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Old 02-27-2008, 12:37 PM #1
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Default Simple LASER power meter using a Peltier?

I was thinking about my tiny portable peltier cooling system for my open can, and remembered, that these peltiers actually produce current, when a temperature difference is present between it's sides.


Then i thought, what if i were to mount one side to a heatsink and paint the other black.. If i would shine a laser on the black side, the peltier would start producing a certain voltage, relative to the power of the laser.. The peltier would have to be very small (15x15mm) to "feel" this tiny difference at all, but if i would then callibrate it using a known power LD, i could calculate the power of others, compared to the known ones...


I've been thinking of using small solar cells before, but they would only be able to compare between the same wavelength, since solar cells react differently to different wavelengths.. But heat is heat, regardless of the wavelength.


This could actually work for higher power lasers, but the resolution would be questionable... Even the tinyest peltier is capable of pumping 3.9W of heat, so 200mW would be very little to it.. Still, with an exact multimeter, the readings could be usefull, at least for comparing the power of different lasers.


EDIT: At first i thought different ambient temperature would give different results, but the ambient temperature is the same on both sides anyway.. Only the difference matters, and this would be caused by the laser beam.

In fact, i'm gonna test it now.


Any thoughts?


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Old 02-27-2008, 02:11 PM #2
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Default Re: Simple LASER power meter?

It actually works!!!!

Just the temperature difference of my finger on it creates a current of 15uA or an open circuit voltage of 16.6mV...
But it starts dropping soon, because the other side of it warms up as well... This means, i have to mount it on a heatsink, to keep the other side cool..

With a heatsink, my finger creates 40mV.. Even just shining the laser on the white surface creates a voltage.. If i paint it black, this voltage is going to be much greater...


I'm amazed at the fact, that it actually works like i imagined it...


With an amplifier circuit the resolution could be greatly increased, and properly calibrated it could just be a good cheap substitute for an expensive laser power meter..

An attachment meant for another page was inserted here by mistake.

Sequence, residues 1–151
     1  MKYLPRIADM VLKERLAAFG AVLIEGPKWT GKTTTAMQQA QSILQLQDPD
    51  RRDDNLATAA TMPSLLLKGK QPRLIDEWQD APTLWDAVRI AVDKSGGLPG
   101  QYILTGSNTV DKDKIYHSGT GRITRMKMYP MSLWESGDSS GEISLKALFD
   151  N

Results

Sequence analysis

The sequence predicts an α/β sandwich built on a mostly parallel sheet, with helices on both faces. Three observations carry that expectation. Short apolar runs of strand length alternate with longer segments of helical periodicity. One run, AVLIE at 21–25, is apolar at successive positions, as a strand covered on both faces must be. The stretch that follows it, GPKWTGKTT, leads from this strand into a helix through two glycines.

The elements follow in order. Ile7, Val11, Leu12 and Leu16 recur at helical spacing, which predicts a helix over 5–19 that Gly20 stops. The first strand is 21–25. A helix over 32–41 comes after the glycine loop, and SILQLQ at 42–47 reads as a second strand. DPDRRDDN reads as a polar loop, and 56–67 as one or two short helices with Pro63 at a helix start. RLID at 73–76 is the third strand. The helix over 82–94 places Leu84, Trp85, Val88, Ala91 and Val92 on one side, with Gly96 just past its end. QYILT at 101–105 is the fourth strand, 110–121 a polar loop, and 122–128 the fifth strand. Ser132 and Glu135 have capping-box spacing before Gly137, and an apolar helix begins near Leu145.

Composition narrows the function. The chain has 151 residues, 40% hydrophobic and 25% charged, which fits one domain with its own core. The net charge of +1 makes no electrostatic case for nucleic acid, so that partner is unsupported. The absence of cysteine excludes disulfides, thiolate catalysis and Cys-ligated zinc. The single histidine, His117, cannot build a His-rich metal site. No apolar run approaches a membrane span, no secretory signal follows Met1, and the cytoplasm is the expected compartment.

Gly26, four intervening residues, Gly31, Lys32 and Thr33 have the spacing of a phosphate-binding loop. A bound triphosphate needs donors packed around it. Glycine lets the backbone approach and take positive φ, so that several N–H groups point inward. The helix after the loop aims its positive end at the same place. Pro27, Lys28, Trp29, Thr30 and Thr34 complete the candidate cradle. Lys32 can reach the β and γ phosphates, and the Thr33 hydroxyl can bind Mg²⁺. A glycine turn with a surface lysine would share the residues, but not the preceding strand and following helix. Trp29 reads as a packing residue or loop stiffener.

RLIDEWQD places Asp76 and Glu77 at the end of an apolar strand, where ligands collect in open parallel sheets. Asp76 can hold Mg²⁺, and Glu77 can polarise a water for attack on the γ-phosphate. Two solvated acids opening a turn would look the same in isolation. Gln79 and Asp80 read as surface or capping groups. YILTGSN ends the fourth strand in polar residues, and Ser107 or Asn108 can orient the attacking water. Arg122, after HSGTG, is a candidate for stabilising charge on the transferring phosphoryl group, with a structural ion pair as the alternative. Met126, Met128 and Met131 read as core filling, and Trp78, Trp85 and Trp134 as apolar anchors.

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Old 02-27-2008, 02:30 PM #3
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Default Re: Simple LASER power meter using a Peltier?

I think you'll also find that the size doesn't really matter either. *This is where I started before finding the surplus Coherent sensors. *The problem is creating a coating that is spectrally flat and tolerant of relatively high power densities. *Paint doesn't cut it. * *"The Doctor" on PL forums has documented a process for the coating and a schematic for the amplifier.
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Old 02-27-2008, 03:32 PM #4
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Default Re: Simple LASER power meter using a Peltier?

Quote:
Originally Posted by knimrod
I think you'll also find that the size doesn't really matter either. *This is where I started before finding the surplus Coherent sensors. *The problem is creating a coating that is spectrally flat and tolerant of relatively high power densities. *Paint doesn't cut it. * *"The Doctor" on PL forums has documented a process for the coating and a schematic for the amplifier.
Yes, i thought about that.. It would have to respond to all wavelengths the same..

Thanks for the link!


So thermopiles contain a peltier? What else? I need to look into it a bit more...

A peltier alone wouldn't do, since it picks up heat very slowly.. Well, it could serve for comparing, but that's it.. And it wouldn't be very exact...
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Old 02-27-2008, 03:44 PM #5
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Default Re: Simple LASER power meter using a Peltier?

Perhaps it would be doable to glue a small, thin piece of black anodized aluminium to the hot side working as a target? I'm not sure how much the anodization can take, but combined with the heat conductivity of the alu below it's likely to be more resilient than any kind of paint.

I wonder what the current/power curve of a setup like this would be like.. predictable, or something with a difficult calibration curve?
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Old 02-27-2008, 03:54 PM #6
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Default Re: Simple LASER power meter using a Peltier?

Quote:
Originally Posted by Benm
I wonder what the current/power curve of a setup like this would be like.. predictable, or something with a difficult calibration curve?
Well, i did a couple of tests, and it always responds the same.. It always shows the same value with the same laser..
But unfortunatelly, it takes very long to get to that value.. It's painfully slow, and towards the end, it gets even slower.

It would require some sort of active setup to be really usefull.